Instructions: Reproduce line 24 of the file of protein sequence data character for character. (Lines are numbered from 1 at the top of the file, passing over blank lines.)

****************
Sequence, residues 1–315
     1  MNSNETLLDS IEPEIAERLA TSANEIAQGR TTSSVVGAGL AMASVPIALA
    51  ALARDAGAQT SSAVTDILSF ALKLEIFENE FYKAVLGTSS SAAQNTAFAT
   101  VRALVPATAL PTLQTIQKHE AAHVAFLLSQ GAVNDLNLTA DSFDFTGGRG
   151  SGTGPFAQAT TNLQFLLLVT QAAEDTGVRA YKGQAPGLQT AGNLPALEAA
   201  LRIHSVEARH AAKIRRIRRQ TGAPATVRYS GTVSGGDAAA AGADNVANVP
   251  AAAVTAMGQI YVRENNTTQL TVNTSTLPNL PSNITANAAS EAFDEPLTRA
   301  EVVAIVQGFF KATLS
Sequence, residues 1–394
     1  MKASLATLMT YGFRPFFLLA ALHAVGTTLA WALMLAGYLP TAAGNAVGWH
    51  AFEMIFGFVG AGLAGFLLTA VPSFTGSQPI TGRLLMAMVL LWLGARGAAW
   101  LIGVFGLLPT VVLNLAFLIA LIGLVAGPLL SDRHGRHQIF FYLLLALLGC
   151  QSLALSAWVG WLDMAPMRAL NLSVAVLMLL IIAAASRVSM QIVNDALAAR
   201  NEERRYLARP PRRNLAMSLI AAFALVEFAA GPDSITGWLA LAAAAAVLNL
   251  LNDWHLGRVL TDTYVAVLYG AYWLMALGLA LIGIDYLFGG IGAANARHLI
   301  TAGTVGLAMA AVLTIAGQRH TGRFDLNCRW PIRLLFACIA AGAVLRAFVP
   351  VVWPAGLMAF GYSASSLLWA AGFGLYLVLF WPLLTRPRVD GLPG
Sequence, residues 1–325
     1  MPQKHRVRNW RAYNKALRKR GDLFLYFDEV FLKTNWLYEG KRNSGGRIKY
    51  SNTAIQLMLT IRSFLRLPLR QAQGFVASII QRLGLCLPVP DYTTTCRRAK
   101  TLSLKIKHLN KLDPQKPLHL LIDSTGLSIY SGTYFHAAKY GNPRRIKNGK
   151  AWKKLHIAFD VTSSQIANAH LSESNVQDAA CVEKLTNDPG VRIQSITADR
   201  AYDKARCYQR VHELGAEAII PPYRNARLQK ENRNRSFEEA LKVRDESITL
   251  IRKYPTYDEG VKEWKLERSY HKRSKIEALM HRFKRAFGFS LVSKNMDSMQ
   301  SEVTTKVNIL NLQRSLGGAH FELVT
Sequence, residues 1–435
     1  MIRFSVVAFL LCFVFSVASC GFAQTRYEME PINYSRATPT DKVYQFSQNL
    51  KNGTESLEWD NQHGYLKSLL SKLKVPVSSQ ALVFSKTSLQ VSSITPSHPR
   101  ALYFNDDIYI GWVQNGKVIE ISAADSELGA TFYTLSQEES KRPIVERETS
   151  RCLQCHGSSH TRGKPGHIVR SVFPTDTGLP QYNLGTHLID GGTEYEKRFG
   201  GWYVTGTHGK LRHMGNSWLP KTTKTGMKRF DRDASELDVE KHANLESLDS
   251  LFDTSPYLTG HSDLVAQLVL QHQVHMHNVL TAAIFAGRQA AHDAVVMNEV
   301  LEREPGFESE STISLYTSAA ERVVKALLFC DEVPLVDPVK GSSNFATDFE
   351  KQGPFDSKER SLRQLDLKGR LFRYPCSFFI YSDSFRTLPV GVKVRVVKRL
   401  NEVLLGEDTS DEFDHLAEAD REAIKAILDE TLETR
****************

   251  IRKYPTYDEG VKEWKLERSY HKRSKIEALM HRFKRAFGFS LVSKNMDSMQ